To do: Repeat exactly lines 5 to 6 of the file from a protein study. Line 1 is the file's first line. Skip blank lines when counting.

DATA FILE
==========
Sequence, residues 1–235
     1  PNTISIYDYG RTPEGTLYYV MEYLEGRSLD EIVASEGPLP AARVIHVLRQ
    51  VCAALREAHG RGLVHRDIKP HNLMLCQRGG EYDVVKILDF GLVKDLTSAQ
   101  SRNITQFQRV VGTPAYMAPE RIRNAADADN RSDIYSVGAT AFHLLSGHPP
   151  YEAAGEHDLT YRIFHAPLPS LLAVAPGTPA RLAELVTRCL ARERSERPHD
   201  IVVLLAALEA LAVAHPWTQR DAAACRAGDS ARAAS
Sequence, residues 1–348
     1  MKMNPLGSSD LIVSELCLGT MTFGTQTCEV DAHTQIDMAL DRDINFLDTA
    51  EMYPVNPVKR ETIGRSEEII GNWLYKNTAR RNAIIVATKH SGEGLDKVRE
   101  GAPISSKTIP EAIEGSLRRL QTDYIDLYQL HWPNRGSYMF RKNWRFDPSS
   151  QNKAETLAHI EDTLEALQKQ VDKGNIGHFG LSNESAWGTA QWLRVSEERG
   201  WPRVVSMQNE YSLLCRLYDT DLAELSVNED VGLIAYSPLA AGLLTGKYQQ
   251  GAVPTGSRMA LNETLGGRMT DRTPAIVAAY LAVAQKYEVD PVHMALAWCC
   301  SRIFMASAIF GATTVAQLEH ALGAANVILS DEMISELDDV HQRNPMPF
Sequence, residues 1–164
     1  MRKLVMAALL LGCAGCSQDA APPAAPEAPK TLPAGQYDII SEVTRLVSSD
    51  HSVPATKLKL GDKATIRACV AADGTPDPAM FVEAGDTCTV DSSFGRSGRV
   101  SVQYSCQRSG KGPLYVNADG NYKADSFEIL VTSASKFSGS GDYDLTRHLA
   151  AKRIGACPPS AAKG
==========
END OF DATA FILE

   151  YEAAGEHDLT YRIFHAPLPS LLAVAPGTPA RLAELVTRCL ARERSERPHD
   201  IVVLLAALEA LAVAHPWTQR DAAACRAGDS ARAAS